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Dental Glossary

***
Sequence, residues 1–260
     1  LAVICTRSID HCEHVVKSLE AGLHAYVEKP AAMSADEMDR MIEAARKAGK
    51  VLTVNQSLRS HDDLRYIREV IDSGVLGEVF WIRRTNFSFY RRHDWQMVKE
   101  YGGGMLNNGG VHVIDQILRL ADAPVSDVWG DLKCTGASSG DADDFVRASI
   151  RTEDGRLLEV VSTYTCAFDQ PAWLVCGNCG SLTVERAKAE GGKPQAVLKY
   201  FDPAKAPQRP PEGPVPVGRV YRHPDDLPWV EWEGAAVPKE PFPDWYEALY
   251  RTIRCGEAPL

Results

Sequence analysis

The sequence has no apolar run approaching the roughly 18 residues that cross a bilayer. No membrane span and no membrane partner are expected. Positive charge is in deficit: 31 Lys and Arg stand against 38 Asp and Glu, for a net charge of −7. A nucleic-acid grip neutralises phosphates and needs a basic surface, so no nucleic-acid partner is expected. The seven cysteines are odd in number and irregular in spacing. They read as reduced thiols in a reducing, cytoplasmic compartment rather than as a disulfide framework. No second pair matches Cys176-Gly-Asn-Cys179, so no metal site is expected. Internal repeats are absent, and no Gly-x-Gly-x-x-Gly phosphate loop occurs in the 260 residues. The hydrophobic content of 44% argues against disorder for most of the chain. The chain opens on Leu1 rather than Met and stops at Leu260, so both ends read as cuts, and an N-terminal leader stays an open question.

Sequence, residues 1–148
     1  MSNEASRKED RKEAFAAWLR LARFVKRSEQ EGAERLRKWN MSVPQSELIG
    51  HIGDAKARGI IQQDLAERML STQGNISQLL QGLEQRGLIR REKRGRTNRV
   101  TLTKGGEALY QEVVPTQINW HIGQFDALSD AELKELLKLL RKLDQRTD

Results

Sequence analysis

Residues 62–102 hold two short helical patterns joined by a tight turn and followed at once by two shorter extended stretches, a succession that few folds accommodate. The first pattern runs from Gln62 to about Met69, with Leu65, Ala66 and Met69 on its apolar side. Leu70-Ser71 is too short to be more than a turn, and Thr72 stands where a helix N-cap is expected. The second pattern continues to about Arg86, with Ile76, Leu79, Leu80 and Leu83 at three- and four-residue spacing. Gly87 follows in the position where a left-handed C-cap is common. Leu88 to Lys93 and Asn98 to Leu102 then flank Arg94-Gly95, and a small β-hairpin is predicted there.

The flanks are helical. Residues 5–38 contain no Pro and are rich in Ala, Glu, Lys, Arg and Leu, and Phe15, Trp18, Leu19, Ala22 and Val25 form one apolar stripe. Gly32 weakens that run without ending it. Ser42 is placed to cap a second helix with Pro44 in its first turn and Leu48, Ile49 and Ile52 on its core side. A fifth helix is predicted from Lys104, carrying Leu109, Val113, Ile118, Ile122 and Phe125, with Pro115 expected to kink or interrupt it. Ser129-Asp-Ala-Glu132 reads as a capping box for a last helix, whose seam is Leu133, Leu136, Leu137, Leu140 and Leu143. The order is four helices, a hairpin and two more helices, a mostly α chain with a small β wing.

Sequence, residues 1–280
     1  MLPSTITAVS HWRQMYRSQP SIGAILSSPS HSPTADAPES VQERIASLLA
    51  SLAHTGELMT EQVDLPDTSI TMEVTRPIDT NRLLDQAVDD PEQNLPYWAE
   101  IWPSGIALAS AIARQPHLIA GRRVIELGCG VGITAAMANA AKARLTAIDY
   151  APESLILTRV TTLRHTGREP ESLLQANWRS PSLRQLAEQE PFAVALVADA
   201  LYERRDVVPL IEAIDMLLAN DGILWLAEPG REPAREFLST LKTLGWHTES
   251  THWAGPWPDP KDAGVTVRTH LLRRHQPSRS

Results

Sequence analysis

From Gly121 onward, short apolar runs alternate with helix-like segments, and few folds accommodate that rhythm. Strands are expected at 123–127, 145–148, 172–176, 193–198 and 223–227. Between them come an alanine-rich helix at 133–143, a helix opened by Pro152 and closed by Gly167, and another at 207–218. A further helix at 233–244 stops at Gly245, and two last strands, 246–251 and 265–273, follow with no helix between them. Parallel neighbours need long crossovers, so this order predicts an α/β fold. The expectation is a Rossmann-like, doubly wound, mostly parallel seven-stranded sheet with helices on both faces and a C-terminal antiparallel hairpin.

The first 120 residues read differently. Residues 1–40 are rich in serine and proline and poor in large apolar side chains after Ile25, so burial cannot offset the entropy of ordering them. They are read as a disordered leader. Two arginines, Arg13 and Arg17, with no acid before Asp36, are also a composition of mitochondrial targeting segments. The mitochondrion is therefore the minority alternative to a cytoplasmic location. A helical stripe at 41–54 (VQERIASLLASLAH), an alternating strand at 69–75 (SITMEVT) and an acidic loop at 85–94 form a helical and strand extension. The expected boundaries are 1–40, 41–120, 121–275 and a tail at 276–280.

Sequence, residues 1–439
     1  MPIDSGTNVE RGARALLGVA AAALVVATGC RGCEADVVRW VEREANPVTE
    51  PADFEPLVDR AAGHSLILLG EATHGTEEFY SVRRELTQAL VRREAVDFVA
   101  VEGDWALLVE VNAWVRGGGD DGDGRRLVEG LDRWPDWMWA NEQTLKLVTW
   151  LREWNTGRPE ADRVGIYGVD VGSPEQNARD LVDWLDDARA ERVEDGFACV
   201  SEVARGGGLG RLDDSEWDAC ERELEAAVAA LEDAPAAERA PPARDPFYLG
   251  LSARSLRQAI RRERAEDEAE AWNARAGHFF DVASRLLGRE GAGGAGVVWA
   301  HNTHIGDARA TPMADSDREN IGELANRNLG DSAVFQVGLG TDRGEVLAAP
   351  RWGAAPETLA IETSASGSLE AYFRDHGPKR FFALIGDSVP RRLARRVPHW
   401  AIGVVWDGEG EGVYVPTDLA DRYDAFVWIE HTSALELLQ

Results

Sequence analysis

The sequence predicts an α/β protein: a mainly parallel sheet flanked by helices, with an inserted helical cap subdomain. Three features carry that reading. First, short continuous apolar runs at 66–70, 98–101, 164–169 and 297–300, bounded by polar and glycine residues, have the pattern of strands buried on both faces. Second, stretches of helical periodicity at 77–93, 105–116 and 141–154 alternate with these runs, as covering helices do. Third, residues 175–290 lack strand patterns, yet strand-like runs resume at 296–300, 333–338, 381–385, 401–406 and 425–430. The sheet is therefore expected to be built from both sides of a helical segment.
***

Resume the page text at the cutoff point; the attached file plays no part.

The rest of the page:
A halide element (small molecule) found commonly in water and foods. Low concentrations have been found to greatly lower the amount of cavities in our society. Fluoride's most beneficial effect is to remineralize (reharden) areas that have just been softened by decay. A new toothpaste, Enamelon, has some extra ingredients that make this remineralization process even greater. Dr. Groh did some research with this formulation at NIH over 15 years ago and found it to be very usefull. Fluoride is also a poison to many oral bacteria and thus prevents cavities and periodontal disease. Like any medicine, it must be used carefully. Heavier concentrations have been found to create mottling or staining of tooth enamel. Most communities today add fluoride to the drinking water supply and carefully monitor its concentration for safe health improvements. Very few bottled waters contain fluoride. Additionally, fluoride is removed by many water softeners and reverse osmosis units. Most municipalities offer inexpensive analysis to check the levels of fluoride in your drinking water to test for safe but effective cavity protection. Insufficient levels can be supplemented by dentists or pediatricians with prescription fluoride drops. Fluoride is also found in most toothpastes and in the mouthrinses Fluorigard and Act. Fluoride does occur naturally in some foods, most notably in tea leaves. In hot tea, most of the fluoride boils off; "sun tea" iced tea is a good natural source of dietary fluoride.